I serve multiple websites for my clients on one server. During development I simply make a subdomain on my own domain. Example client.mydomain.example. Often my customers already have a domain and email with another provider. I do not want to host email for my clients.

I have tried three different ways of setting up DNS:

  1. Make an HTTP redirect from clientdomain.example to www.clientdomain.example and then a CNAME record for www.clientdomain.exmple to point to temporary subdomain on my server client.mydomain.example.
  2. Have an A record from (*.)clientdomain.tld to my server IP, but leaving MX and such to point to their current email-host.
  3. Set up my own nameservers and use those for my client's domain. Then setup the same way as 2.

As far as I can see there are pros and cons with all three:

  1. Pros: Convenient. I can change the IP address on my server, move to another serverpark, set up failsafe, load balancing and so on.
    Cons: I force my clients to use www, and if they already have a site on non-www they might suffer SEO-vise(?). Also the extra CNAME record is bad for page speed.
  2. Pros: No SEO or page-speed issues. Easy setup.
    Cons: If I need to change IP, I need to make DNS changes for ALL my client sites.
  3. Pros: No SEO or page-speed issues. If I need to change server, I can do this for all my client sites at once, since DNS settings is conveniently setup on my own name servers.
    Cons: I need to run my own name servers. I also have to set up MX records and possibly other DNS records for my customers.

My preferred way right now is 1. since I think the pros outweighs the cons for most of my cases.

Are there any other way to redirect from a domain to a server without specifying the IP-address?

Clarification: Solution 1 works for me, but it is slower because of the two steps before coming to the final A record. Ideally I would want to point both non-www and www to my server domain, but as far as I know, this is not possible with a CNAME record, right?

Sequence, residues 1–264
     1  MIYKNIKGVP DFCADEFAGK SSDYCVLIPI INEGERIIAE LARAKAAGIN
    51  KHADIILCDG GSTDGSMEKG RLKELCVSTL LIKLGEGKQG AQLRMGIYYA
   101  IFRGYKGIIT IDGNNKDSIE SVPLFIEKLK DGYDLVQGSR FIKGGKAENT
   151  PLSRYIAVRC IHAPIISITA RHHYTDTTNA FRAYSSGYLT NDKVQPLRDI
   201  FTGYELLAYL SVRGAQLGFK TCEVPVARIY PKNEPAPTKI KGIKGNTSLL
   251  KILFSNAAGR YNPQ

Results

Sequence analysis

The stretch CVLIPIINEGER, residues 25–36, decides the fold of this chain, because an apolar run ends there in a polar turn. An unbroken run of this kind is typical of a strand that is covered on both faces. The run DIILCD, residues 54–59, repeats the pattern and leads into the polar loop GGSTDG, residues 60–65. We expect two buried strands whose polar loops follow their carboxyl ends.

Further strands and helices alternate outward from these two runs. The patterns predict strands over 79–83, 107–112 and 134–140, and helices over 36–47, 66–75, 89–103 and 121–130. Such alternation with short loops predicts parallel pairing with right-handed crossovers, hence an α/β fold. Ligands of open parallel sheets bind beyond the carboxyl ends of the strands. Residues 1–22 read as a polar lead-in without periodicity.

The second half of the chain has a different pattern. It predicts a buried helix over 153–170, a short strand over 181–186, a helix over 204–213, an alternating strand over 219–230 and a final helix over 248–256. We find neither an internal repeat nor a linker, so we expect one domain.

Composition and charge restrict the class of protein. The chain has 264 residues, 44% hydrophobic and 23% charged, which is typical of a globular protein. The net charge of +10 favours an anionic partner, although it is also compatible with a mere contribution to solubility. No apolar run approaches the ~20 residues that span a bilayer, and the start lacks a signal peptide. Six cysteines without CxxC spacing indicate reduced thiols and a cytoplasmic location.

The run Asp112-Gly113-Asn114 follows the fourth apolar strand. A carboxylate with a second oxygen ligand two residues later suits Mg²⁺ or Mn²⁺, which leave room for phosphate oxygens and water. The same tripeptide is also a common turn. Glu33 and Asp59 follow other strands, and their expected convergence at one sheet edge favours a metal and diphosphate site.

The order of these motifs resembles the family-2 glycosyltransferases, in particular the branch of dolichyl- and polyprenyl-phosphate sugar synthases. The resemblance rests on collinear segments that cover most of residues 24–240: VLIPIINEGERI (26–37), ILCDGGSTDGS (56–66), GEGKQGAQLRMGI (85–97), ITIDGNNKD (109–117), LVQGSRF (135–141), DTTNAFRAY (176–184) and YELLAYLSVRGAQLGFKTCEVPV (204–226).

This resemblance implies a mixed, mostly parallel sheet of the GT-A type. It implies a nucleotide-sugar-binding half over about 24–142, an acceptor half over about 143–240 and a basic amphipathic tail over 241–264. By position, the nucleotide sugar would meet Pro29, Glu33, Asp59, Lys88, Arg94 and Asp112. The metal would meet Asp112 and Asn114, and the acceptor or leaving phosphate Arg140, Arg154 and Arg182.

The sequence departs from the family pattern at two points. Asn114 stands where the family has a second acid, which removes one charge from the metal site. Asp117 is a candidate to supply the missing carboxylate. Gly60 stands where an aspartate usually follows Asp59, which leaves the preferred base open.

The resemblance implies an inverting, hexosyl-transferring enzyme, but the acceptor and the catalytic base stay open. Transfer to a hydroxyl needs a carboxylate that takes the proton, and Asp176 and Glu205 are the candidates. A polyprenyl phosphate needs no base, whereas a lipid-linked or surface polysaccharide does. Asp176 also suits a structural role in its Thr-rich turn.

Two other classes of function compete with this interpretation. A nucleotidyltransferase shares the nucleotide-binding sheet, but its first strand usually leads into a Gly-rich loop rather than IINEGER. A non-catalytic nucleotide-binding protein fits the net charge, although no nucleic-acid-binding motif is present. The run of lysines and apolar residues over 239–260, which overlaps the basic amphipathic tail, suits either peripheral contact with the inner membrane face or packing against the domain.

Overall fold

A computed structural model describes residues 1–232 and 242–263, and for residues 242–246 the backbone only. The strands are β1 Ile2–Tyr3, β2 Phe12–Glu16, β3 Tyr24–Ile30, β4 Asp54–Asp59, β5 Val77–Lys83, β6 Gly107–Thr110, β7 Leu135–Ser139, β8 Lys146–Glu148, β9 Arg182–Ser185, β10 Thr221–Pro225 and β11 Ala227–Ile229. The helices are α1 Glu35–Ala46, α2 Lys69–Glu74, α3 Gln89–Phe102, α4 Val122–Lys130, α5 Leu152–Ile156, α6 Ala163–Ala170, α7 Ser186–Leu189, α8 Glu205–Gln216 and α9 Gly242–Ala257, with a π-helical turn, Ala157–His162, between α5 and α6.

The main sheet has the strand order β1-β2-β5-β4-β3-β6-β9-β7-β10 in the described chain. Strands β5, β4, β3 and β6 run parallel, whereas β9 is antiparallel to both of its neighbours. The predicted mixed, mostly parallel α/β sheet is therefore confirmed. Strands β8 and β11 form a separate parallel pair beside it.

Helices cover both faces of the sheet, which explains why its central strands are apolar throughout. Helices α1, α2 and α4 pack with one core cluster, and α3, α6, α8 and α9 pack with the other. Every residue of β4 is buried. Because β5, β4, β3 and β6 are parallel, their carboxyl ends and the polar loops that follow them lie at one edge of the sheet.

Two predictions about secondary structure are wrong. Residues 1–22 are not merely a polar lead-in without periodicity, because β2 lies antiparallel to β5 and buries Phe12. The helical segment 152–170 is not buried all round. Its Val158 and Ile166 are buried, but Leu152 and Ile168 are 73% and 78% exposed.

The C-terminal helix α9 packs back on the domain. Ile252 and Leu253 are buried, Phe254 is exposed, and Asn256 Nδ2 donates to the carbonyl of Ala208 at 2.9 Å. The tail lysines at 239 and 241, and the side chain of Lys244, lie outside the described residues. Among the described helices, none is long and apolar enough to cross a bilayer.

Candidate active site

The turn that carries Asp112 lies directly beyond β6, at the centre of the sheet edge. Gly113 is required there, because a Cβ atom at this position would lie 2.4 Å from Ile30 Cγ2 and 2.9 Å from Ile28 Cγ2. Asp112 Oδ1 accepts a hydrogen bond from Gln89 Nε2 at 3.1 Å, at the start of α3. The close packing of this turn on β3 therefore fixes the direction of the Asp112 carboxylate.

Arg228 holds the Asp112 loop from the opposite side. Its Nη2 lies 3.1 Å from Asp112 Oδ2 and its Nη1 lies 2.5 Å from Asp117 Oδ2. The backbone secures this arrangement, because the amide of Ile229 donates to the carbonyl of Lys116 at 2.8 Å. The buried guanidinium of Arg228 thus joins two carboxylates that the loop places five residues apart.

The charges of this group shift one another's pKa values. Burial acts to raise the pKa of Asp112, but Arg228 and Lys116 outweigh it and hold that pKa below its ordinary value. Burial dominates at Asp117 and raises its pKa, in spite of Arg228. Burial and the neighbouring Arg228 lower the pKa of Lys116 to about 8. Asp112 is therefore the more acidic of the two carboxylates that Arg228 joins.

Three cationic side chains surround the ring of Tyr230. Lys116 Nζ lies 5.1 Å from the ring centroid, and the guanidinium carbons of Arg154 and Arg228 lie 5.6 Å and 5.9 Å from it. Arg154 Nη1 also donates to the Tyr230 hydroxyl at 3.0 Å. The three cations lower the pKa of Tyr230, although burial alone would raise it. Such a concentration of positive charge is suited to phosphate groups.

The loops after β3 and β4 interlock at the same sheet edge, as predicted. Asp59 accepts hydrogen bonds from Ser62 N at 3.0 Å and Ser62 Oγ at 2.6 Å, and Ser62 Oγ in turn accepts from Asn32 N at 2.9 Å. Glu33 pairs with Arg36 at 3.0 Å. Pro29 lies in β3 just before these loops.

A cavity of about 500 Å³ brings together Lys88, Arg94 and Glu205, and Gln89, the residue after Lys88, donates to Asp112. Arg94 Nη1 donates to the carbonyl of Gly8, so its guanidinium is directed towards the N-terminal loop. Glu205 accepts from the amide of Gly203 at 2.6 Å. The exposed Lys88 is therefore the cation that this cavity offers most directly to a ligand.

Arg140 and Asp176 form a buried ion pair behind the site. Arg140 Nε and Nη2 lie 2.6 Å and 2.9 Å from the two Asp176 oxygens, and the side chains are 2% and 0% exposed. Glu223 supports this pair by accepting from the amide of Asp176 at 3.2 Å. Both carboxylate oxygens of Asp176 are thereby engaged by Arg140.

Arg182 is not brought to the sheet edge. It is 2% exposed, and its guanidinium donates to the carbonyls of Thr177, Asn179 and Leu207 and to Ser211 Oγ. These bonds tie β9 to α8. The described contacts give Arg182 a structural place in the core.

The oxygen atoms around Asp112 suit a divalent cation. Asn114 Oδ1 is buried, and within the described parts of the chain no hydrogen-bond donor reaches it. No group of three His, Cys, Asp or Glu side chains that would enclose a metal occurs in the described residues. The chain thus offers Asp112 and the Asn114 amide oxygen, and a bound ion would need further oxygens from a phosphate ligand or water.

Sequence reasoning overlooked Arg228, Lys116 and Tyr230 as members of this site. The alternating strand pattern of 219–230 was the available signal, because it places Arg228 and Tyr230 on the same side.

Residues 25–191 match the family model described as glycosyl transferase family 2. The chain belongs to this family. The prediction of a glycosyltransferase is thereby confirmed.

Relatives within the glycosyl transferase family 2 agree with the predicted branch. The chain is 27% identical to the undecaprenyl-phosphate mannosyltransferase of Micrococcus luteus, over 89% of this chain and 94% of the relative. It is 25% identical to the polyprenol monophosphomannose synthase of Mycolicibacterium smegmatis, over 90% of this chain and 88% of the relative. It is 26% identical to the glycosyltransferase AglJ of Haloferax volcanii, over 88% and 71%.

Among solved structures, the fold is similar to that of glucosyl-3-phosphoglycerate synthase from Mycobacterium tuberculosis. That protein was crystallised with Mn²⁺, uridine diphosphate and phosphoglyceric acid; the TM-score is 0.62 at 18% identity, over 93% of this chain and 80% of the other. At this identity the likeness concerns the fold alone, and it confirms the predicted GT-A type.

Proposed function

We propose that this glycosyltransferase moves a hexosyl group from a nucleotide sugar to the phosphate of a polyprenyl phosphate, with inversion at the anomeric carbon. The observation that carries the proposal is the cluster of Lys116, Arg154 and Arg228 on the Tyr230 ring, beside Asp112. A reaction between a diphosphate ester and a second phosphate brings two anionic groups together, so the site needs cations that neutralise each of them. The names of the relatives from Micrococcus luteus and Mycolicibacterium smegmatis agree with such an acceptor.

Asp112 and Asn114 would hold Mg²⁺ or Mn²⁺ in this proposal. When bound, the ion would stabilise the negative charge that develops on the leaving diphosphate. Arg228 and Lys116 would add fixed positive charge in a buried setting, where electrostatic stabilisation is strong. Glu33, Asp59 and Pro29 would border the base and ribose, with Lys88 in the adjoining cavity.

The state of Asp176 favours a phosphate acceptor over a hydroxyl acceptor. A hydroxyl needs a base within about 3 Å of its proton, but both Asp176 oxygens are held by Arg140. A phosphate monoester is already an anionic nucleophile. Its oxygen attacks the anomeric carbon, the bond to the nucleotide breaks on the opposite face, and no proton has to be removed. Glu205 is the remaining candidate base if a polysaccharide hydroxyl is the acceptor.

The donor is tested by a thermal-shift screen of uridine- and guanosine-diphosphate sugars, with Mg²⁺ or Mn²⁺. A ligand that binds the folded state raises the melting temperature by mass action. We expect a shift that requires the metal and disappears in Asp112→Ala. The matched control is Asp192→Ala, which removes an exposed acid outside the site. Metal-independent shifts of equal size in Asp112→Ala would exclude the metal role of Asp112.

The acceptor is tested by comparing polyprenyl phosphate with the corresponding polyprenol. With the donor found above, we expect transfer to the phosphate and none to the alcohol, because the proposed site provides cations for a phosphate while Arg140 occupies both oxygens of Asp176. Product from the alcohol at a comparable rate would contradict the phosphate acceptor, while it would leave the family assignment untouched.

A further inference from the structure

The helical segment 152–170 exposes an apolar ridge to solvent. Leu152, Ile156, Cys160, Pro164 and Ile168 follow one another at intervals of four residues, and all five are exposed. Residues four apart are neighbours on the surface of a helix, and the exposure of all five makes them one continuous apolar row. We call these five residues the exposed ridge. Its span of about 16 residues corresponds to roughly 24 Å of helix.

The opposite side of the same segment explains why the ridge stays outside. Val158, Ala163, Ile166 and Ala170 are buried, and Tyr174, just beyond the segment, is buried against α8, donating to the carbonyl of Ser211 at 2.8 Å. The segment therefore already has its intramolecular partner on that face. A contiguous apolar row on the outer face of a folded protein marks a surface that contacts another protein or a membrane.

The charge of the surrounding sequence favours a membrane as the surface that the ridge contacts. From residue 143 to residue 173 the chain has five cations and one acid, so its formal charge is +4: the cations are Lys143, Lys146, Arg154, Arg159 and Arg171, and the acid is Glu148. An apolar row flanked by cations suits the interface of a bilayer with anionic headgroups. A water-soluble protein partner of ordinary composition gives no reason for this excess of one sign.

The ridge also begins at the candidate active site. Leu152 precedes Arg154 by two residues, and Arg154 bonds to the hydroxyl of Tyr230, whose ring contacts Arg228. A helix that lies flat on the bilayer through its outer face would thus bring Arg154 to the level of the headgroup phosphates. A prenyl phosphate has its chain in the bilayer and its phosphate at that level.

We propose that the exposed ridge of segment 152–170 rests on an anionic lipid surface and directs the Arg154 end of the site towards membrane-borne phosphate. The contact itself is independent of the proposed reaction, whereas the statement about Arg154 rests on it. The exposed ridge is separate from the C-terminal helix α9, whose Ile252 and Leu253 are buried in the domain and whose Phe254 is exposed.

• I don't understand the problem. Can you please try editing your post to make it clear the problem you're trying to solve. DNS is usually pretty simple. – Tim Mar 4 '18 at 7:21
  • Why would you redirect anyone to your development server at all? Those should only be accessible by people who develop the website, which should at least be smart enough to type in a correct url themselves... – Anubioz Mar 4 '18 at 7:37
  • @tim I added clarification – OnklMaps Mar 4 '18 at 7:52
  • I still don't understand the question. You've said you've tried three ways of doing something, but haven't said what that something is. Are you trying to set up production DNS to point at your sever? Development subdomain? Is it another server? Really unclear. – Tim Mar 4 '18 at 8:01
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    The CNAME, as all other DNS related stuff will be cached and have mostly no influence on the global performance of your website. – Patrick Mevzek Mar 4 '18 at 19:26

Please notice, that a CNAME is not a HTTP redirect at all.

  • Only redirect here is from the example.com to www.example.com and it can be made permanent. The extra CNAME is on DNS level and will be cached, so it doesn't really affect the site performance nor speed at all.

  • Your web server needs to be aware of the client domain despite who's hosting the DNS.

That's why I'd prefer your case #1, with a better understanding:

  1. Guide your client to add www.example.com. CNAME client.example.net. to be able to change the IP address on your own, if necessary.
  2. Advise how to make a redirect from non-www to www on their current web server.
  3. Bind the actual domain name to your client.example.net in your webserver's configuration.

With the case #3 you won't just end up technically hosting DNS servers, but also be responsible of doing updates whenever a client needs a new third party record.

  • What about the non-www to www, that's a HTTP redirect, right? So that can possibly affect performance some milliseconds? Also, this "www-redirect" that most domain providers have, that is based on some rewrite rule in a .htaccess file? – OnklMaps Mar 4 '18 at 15:34

So if I understood correctly what you want to do is to have the ability after the development phase to simply point a cname to your server (client.mydomain.tld) and handle the rest on your own server.

What I tried on my Setup right now with Cloudflare for managing my DNS entrys is to just put two cname records one www.client.tld and one client.tld. After that you can Handle the request on your Server and just rewrite the URL to the specific needs.

I would also choose your option number one since it's the easiest to handle.

And I also found some Information about the use of CNAME records here: Should CNAME Be Used For Subdomains?

  • You understood correctly. But how did you cname from client.tld? I thought that was not possible? – OnklMaps Mar 4 '18 at 15:36
  • @OnklMaps you are right you can not put a CNAME at apex of a zone, since it already has at least NS records there, and CNAME can not cohabit with any other record types. – Patrick Mevzek Mar 4 '18 at 19:24

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